AMD Quads Gaining Ground

Arthur Cole

Two key server deals and some impressive new benchmark data for the quad-core Opterons provide AMD with a much-needed boost as it looks to regain some of the steam lost to last year's production delays.

 

The question remains, though, whether the company can make enough headway in quads to position itself as a strong competitor to Intel as the industry moves forward in the multicore race.

 

The news this week was certainly good for AMD. First came word that IBM will power its latest set of System x servers with quad-core Opterons. The x3455, x3655 and x3755 machines are said to be more efficient processors than previous models, improving performance for memory-intensive applications like Web-serving and high-end number crunching while cutting power consumption. The top-end x3755 offers a more flexible design that easily scales up to four sockets, although the company says the three-socket design already out-performs many four-socket systems.

 

Then came Unisys, which tapped the quad Opteron for the latest member of the ES7000 series, the 7405R. The machine holds up to eight processors, which, combined with the company's Rapid Virtualization Indexing technology, offer both enhanced memory and processing capabilities for virtual environments. The system supports up to 128 virtual machines, with each machine costing only about a third compared to standard two-socket quad servers. Multiple operating environments are also supported, including Windows Server 2003 and 2008 Datacenter, Microsoft Virtual Server, RHEL, SLES and Solaris 10.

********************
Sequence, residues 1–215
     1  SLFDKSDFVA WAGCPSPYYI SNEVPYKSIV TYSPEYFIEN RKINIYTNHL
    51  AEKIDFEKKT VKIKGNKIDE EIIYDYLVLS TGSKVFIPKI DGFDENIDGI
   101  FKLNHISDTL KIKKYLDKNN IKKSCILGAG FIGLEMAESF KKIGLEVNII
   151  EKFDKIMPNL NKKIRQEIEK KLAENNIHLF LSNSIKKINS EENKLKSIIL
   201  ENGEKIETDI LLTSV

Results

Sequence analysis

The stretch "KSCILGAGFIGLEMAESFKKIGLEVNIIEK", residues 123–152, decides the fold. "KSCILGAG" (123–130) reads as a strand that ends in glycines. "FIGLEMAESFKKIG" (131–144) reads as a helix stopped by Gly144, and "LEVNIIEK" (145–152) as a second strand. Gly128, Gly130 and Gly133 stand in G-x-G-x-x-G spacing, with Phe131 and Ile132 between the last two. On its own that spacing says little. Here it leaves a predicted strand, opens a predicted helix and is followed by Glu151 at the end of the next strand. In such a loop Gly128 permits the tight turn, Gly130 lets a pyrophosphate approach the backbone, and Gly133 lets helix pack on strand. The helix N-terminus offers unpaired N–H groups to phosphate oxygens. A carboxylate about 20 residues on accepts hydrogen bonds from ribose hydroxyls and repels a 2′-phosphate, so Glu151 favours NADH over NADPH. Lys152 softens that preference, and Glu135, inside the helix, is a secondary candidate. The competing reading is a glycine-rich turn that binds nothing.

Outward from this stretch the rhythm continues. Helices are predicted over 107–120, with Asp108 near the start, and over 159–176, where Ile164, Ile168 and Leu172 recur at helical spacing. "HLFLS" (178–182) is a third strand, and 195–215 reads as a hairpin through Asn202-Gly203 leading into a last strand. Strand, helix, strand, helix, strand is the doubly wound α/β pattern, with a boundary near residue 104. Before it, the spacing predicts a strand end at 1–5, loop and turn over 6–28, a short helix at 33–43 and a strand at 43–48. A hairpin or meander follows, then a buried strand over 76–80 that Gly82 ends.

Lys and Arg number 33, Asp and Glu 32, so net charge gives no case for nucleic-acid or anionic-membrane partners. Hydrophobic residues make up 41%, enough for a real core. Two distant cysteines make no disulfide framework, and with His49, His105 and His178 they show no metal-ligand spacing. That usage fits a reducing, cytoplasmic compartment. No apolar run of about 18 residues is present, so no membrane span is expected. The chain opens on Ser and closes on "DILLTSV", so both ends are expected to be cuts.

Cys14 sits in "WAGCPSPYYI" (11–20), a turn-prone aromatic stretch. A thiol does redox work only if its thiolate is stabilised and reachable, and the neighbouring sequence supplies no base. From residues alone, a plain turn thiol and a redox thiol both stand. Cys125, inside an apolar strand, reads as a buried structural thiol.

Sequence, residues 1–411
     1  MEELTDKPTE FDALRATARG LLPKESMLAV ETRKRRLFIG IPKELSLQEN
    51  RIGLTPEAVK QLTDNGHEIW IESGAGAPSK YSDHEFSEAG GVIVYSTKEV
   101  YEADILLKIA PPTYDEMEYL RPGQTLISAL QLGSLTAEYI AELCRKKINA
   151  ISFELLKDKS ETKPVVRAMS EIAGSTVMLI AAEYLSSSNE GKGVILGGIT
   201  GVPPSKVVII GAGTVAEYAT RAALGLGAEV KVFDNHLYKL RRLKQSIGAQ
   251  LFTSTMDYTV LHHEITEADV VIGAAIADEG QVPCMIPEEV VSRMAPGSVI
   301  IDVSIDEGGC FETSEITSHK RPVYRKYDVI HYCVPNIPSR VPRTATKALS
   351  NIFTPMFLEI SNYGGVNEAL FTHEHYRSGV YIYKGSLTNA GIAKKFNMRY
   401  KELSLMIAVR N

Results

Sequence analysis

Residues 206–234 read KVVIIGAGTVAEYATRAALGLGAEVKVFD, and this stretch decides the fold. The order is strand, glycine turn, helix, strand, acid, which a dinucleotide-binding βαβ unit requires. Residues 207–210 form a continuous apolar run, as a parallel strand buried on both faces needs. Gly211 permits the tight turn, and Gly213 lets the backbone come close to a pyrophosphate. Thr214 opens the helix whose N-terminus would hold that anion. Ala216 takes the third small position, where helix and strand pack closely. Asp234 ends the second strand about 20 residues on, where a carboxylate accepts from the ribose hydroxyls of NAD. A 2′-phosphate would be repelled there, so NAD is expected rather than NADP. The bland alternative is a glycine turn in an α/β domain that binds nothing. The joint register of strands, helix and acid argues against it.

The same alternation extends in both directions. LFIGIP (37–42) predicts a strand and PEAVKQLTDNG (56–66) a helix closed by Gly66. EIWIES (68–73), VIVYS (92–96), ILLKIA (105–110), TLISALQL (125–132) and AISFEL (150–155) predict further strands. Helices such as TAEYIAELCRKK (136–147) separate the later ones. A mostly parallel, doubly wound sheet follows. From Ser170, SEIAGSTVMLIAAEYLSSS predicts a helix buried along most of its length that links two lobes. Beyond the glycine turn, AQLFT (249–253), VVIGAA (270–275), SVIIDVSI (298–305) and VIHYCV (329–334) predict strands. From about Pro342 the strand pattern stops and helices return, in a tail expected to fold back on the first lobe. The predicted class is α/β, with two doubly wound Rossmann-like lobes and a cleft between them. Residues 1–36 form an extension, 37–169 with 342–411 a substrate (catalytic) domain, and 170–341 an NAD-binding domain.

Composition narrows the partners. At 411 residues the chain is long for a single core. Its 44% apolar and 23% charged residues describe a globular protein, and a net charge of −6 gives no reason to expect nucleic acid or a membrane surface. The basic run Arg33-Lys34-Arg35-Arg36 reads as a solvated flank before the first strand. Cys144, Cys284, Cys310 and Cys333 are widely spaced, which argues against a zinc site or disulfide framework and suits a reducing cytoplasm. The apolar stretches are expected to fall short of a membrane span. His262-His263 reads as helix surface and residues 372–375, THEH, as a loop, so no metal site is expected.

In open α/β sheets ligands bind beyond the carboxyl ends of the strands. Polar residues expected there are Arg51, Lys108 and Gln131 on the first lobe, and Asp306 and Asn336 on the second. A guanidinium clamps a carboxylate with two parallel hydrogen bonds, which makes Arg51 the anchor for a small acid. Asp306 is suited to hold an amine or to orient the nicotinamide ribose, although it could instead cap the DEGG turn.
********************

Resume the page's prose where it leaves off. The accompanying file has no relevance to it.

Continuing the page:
Meanwhile, Dell has just released benchmark results for the 2.5 GHz Opterons showing across-the-board improvement in comparisons to Intel quads, and even better scaling performance. The Opteron 2360s showed equal performance to Intel's Xeon 5482 device in SPEC2006 CPU integer tests, while the higher-end 8360 Opteron came within 10 points of the Xeon 7350s. And the 2360 SE Barcelona chip out-performed the 3.2 GHz Xeon 5482 in floating-point tests. A full breakdown of the results can be found here.


 

Still, not all the momentum is shifting toward AMD. Intel recently forged an agreement with Cray to develop a new line of supercomputing processors for high-performance applications. Until the deal, Cray had been solidly in the AMD camp, using various high-end Opterons to develop some of the fastest hardware in the world. Development at Cray was said to be hampered by AMD's difficulty in getting their quads to market last year.

 

For most users, and probably a fair number of enterprise managers, underlying processor technology is a concern only for hardware manufacturers and system integrators. Cost/performance trade-offs do have some bearing on the brand of processor under the hood, but most of us simply want a reliable machine that gets the job done.

 

Still, monopolies are never good for business, unless of course, you happen to own the monopoly. So even if you are solidly in the Intel camp, a vibrant AMD is the best way to ensure you get the most for your money.



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